It’s the discussion-of-the-moment on most people’s lips — are books a dying breed? Are bookstores dying even faster? Even with the final demise of Borders and the powerhouse that is the eReader, these are not untimely questions. So why would someone be interested in starting and opening a bookstore?
It was the closing of our local Reading, PA Borders that was the impetus for me to open The Wise Owl Bookstore, a venture long-dreamt-of but hardly long-planned. I jumped blindly and idealistically into the world of Book Shop Ownership and ignored the naysayers who gawked, wide-eyed at my admission that I was considering OPENING a BOOK STORE in THIS day-and-age?!
Yes, I was; and Yes, I did.
The lessons learned from opening The Wise Owl are so numerous. It’s been a whirlwind — much busier and more well-received than I had anticipated for a new-opened store (of any kind). Then the (not unexpected) news of Borders hit the airwaves and I don’t think I’ve gotten through a day without someone asking me, with a long face, cautiously, the way you ask someone whose close relative has a terminal disease: “How are things going?”
It’s as symptom of a cause, unfortunately. The mindset now is cheap, easy, fast, and accessible. Your local downtown bookstore can give you the cheap, but the definitions of “easy, fast, and accessible” became instantaneously meaningless with the invention of the eBook. It’s not a fad, but a real shift in the way we perceive literature and information.
For the time-being, though, books still exist, bookstores still exist, and perhaps more than that, READERS of Books still exist — of all shapes and sizes. Those who tell me they loooove used books, and those who turn up their noses at them. Those who shop for Books-As-Gifts, and those who buy only for their own pleasure (just as noble, in my opinion!) Hardcover Hoarders vs. Paperback Protectors. The ones who dog-ear their books with reckless abandon, and those who trade-in titles that look like they’ve never been touched. The lone man scoping out a rare children’s book, the couple debating between Bradbury and Burroughs — I see these people, see them every day, and YES sometimes the days are slow and ponderous and YES sometimes two ladies will walk in, walk a brisk lap around the store, and walk out again without a How-D’ye-Do (I’m convinced there’s some new exercise program out there called Speed Book Browsing — Great For Your Calves!! because how in the WORLD can you see titles at that velocity?) and YES sometimes you find that fantastically rare and wonderful customer who doesn’t ask “How do you really hope to compete with the eBooks?” and asks you awesome, insightful questions and Listens to your recommendations and then HOLY MOSES comes back again!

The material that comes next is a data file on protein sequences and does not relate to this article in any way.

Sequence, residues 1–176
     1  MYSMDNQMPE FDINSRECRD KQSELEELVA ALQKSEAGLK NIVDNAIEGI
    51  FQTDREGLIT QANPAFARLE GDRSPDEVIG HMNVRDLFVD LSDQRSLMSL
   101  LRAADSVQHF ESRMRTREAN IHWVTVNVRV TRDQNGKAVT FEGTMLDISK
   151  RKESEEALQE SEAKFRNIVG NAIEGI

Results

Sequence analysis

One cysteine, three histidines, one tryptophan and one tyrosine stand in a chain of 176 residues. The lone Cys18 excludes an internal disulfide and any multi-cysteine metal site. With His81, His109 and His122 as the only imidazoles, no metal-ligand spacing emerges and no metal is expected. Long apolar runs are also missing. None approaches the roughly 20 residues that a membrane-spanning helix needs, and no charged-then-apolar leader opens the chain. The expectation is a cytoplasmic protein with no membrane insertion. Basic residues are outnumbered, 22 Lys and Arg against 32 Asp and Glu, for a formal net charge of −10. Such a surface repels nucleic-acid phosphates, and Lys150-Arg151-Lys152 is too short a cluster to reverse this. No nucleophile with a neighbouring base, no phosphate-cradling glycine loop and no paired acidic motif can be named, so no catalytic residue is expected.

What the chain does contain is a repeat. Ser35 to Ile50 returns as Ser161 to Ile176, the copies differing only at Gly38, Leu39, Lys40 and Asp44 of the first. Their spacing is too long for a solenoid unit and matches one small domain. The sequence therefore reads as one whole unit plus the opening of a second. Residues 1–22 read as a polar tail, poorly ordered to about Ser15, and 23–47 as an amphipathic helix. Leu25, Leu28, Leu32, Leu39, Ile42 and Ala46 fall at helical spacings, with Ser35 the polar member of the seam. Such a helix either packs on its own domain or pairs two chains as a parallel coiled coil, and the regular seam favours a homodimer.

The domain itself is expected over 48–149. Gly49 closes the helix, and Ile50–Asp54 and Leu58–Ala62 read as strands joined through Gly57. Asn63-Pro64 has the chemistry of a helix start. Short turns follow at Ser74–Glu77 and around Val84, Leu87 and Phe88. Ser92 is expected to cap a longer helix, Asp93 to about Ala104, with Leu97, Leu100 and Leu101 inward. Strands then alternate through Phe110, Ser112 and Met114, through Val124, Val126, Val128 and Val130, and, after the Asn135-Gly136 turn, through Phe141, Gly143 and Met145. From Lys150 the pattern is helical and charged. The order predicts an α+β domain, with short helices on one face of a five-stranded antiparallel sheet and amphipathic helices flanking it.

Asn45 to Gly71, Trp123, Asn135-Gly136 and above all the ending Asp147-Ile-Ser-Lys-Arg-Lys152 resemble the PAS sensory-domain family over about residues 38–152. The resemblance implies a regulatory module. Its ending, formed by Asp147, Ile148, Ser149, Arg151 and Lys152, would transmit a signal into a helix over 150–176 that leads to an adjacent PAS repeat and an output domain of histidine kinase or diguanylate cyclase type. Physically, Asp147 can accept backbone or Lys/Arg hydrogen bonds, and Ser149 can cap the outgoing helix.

Sometimes all these things and a lot more happen, and it’s BECAUSE of books, because you don’t just walk into a store selling books if you don’t believe in books, and in finding illumination in the written word. So this in a nutshell answers the question to why did I open a bookstore.
When we were setting up our bookstore the information we found was a little lacking to say the least and that’s why we decided to put some of the trials and tribulations to hopefully help someone in their quest to open their bookstore. While I would like to say everything was done perfectly, it wasn’t, but maybe we can help you from making some of the same mistakes.
We applaud your efforts in looking into how to open a bookstore. If you have the courage to face continual questions from friends and family about your sanity and keeping local bookstores and the art of reading alive, your road will be rocky and frustrating but in my opinion, well worth the effort.